The Central Tibetan Administration (CTA) has never had any independently recognised international identity and with the retirement of the Dalai Lama, the original covenant with the Indian government is null. But the CTA still asserts de facto control over the exiles. A US consular officer told me that the CTA requested permission to grant final approval to all Tibetan visa applicants. I cannot confirm if the US embassy complied with this request but it raises the question about what legal entities have legitimate jurisdiction over the Tibetan population in India.
Tibetans are, in fact, subjects of the Republic of India and ultimately governed by its laws. In a highly publicised three-year court case, Namgyal Lhagyari of Dehra Dun attained Indian citizenship on the grounds that she was born in India and therefore qualified for citizenship according to the Indian Constitution. The verdict in Ms Lhagyari’s lawsuit encouraged Tibetans to apply for Indian citizenship. Yet, the CTA officials frequently state that Tibetans should remain refugees to keep their benefits, which bring far fewer benefits than those conferred by citizenship. Perpetuating the outdated prototype of the needy-but-cheerful Tibetan refugee distorts the realities and needs of exiles. It is especially harmful to young people who are culturally integrated with India, but are handicapped and stigmatised by foreigner status.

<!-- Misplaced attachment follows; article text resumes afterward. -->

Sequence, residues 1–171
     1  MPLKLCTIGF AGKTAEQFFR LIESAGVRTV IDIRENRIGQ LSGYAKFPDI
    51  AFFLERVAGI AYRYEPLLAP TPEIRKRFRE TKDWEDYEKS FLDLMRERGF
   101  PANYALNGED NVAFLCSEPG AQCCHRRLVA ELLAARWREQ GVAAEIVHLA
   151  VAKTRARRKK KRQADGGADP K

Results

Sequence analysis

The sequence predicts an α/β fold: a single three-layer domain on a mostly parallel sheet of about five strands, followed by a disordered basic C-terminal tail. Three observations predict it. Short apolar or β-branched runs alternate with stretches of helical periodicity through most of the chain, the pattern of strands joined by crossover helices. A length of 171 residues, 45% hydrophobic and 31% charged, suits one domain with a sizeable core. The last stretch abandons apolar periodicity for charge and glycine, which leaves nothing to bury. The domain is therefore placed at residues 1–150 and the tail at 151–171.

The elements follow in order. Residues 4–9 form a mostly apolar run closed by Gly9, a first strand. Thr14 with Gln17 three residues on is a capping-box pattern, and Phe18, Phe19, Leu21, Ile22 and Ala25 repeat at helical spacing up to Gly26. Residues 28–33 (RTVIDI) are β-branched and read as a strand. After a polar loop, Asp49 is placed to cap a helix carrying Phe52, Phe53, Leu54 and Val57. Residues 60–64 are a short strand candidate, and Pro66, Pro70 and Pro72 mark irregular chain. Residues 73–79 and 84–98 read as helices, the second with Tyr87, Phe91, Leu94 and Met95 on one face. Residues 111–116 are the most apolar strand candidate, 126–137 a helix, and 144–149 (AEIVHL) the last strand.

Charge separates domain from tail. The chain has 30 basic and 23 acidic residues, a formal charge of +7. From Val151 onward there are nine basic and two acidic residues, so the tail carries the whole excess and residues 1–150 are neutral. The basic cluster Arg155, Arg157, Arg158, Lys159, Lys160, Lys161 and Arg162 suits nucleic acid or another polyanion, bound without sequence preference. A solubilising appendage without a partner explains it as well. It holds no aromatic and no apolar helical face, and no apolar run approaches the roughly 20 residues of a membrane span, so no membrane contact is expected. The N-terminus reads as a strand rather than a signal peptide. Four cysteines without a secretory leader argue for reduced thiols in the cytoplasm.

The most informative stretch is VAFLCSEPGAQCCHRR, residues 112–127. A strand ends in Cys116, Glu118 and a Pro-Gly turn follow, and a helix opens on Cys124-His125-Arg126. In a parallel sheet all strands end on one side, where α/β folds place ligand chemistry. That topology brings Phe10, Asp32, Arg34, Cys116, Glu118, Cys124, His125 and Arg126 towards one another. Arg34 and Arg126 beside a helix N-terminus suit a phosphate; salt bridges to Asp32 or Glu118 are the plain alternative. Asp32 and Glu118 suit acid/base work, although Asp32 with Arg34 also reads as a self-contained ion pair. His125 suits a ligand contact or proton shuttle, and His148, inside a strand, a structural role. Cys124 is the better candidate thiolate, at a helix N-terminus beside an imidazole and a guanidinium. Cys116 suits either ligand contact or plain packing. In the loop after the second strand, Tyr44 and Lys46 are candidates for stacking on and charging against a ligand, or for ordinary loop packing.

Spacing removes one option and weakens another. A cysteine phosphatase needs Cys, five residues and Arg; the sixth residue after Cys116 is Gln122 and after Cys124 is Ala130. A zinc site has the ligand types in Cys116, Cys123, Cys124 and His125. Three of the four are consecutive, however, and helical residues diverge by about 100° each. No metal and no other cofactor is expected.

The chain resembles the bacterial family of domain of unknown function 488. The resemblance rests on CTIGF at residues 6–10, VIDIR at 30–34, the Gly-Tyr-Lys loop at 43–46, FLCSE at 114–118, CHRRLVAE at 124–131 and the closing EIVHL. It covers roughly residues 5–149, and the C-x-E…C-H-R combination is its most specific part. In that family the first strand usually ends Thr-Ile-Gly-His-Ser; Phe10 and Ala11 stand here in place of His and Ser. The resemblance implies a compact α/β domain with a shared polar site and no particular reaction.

Mr Sangay can well appreciate the value of citizenship. The Bank of America website confirms that he was able to pay off his mortgage in full one week prior to being sworn in as the new exile leader. With a US green card, he is able to travel internationally without restrictions while Tibetans with only an RC cannot obtain visas and will face difficulty in obtaining a US mortgage.
As citizens, Tibetans would join a constituency of India’s Buddhists and Himalayan peoples. As refugees, Tibetans are perceived as an obstacle to relations with a threatening China. I am certain that a great many Tibetans in India would gladly accept Indian citizenship and the attendant financial and political rights, which Tibetan refugees sorely need. India has done more for the Tibetan people than anyone else, so I am also certain that Tibetans would be productive and patriotic citizens of Gandhi’s homeland.
At this late date, Tibetans with citizenship can do more for the Tibetan cause than impoverished and powerless foreigners. If the structural crisis of statelessness is perpetuated and ignored, the exile base will be further weakened by a festering criminal underworld of human traffickers and Chinese agents. And if the exile base collapses, who will speak for Tibet? One winter afternoon, sharing tea and samosas in a Dharamsala garden, the poet and freedom fighter Lhasang Tsering stared into the golden light above the Kangra Valley and spoke, “We did not come into exile to become the world’s most successful refugees. We came to fight for our brothers and sisters in Tibet. We can never forget.” And that is what matters most.
Maura Moynihan is a New York author and journalist who has worked for many years with Tibetan refugees in India.
This article was originally published in the Asian Age; it was provided to TPR by the author.